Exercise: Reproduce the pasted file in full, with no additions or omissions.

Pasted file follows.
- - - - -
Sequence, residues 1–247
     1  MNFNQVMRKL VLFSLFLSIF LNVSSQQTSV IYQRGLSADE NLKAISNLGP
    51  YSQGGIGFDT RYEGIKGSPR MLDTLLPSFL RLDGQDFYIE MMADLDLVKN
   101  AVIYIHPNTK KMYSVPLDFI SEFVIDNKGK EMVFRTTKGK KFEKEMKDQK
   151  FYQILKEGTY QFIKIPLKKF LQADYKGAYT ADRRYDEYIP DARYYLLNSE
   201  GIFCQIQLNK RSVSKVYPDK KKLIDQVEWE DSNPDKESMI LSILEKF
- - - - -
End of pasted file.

Sequence, residues 1–247
     1  MNFNQVMRKL VLFSLFLSIF LNVSSQQTSV IYQRGLSADE NLKAISNLGP
    51  YSQGGIGFDT RYEGIKGSPR MLDTLLPSFL RLDGQDFYIE MMADLDLVKN
   101  AVIYIHPNTK KMYSVPLDFI SEFVIDNKGK EMVFRTTKGK KFEKEMKDQK
   151  FYQILKEGTY QFIKIPLKKF LQADYKGAYT ADRRYDEYIP DARYYLLNSE
   201  GIFCQIQLNK RSVSKVYPDK KKLIDQVEWE DSNPDKESMI LSILEKF